Iohan Gueorguiev
Great Divide
Grants, NM to Antelope Wells, NM-382 miles It was a pretty hot day cycling out of Grants, as opposed to the chilly mornings in Colorado. Not much climbing until I hit the Pietown road. It was pretty much all rolling hills until the town. Sadly the main pie joints were closed and I got one from the small cafe. Pretty disappointing but I don’t think I am a pie person anyway, rather have cake.

By far, New Mexico is the most difficult section of the GDMBR. Fairly remote, no bike shops and rough roads but it is also the most varied as well. One moment you are dodging twisters in the plains, then looking at cows playing in the sunflowers, then climbing up a narrow valley and crossing over a wide open mountain pass. And then... you arrive at the Beaverhead workstation and are desperately searching your pockets for change, as there is a big red Dr. Pepper pop machine!

One more day until Silver City, lots of big climbs on the way. I ran into Adam who runs a unicycle. We climbed up and down for a bit and then I left on a long downhill (his unicycle tops off at about 11mph). Few more climbs and I was at Pinos Altos where this journal ends... for now.

I've decided against bringing the 29er into Mexico, mainly because of availability of parts. I'll be bringing my old bike over from Utah and continuing on it. I had 2 weeks to hitchhike to Utah, rest up and then back to Silver City. Not going to go into detail but it was a good change of scenery and I am excited to be back on the bike.

The rest of the GDMBR has almost no climbing and is super easy if the wind favors your direction of travel. In Hachita I met Jeff who runs the shuttle service for GDMBR and CDT bikers/hikers, has set up water caches for the hikers and is working on making the hachita town house into a place where people can stay. Its people like him that turn lost and forgotten towns into cycling/hiking meccas!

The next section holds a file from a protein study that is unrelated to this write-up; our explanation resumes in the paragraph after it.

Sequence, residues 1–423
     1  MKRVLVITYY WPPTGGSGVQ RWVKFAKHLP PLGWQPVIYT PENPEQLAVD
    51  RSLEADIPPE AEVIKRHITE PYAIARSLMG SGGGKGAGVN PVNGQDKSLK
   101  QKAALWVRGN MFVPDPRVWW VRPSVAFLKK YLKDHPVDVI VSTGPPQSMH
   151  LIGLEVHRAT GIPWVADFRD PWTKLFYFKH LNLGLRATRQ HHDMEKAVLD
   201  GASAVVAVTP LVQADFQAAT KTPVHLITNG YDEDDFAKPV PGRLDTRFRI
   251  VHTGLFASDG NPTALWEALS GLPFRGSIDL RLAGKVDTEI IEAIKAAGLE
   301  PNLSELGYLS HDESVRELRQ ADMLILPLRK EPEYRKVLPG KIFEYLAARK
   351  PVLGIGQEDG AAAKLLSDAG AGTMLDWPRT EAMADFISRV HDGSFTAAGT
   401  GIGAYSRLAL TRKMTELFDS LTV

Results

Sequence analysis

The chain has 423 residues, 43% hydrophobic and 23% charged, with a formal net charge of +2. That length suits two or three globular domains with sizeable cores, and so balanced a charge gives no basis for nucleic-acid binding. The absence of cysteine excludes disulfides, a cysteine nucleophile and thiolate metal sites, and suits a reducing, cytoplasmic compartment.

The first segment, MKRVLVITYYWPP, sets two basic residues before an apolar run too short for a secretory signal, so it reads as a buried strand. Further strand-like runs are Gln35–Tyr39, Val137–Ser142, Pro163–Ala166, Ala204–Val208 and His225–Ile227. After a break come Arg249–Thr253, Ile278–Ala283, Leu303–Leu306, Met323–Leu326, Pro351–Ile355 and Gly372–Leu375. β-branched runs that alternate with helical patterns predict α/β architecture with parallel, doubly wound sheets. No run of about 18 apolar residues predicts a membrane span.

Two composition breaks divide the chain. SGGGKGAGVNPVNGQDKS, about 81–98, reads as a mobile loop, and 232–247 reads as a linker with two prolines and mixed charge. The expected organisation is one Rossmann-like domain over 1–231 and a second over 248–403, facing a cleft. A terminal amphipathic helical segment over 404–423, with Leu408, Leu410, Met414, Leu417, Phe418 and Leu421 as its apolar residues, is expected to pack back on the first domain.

Next day I got to the border. 10 minutes of smiling and nodding got me past immigration and it looks like I got 6 months. Then I took the wrong turn, 8 miles on a dead end dirt road into Mexico. I could turn back or try to bushwhack 1-2 miles to the highway... already love Mexico!

- IMAGES OF THE ROAD -

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Iohan Gueorguiev

Gear List

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Iohan Gueorguiev
  • What was the genesis moment or inspiration for the upcoming adventure? After starting the GDMBR in mid-October and having to hop out in December at Colorado, I always wondered if I would ever get a second chance. Later I learned of the first bike ride of the Continental Divide Trail and also wondered, how cool that would be. During a rather cold January in Utah I heard about the Blackburn Ranger program, connected the bits and pieces and there was only one logical choice: apply to be on the team and bikepack the CDT.
  • Have your traveled by bike in the past? In 2013 I crashed down a hill on my road bike which left me with a broken collar bone, two broken hands and a 3 month recovery period. To make it through I thought of biking from Vancouver to Ontario. So I did it, then Toronto to Halifax in winter. I was hooked, in 2014 I took time off school and set off to bike from the Arctic Ocean to British Columbia. And then, Alaska to Argentina. I've made it as far as Mexico and am looking forward to riding the CDT and continuing down south as part of the Blackburn team.
  • What is your goal for the route? I have few ideas, most importantly: have fun, stop and smell the flowers (oh yeah - it won't be winter so there actually will be flowers), find out more about the CDT trail hiking community, do as much as CDT as possible, find time to ride the Colorado trail and spend some time in Moab, Utah. I'll also be filming on the way (nothing fancy) and continuing the "SEE THE WORLD" series on which follow my bike trip south. Video is such a great way to try and share the wild and unpredictable story of the open road!
  • What do you hope to get out of this journey? One always has some expectations with trips like these but the moment you set a wheel on the dirt it all changes. I want to see how bikepacking compares to fully loaded touring and see if it's something I can adopt and continue doing for the rest of my around-the-world bike trip. Aside from that - create memories, make new friends and meet old ones, explore and get lost in the Rockies.
  • What's in my bag? Buff, Gopro, Alaska License plate,Turtle (which I had on my first bike trip, and ever since)

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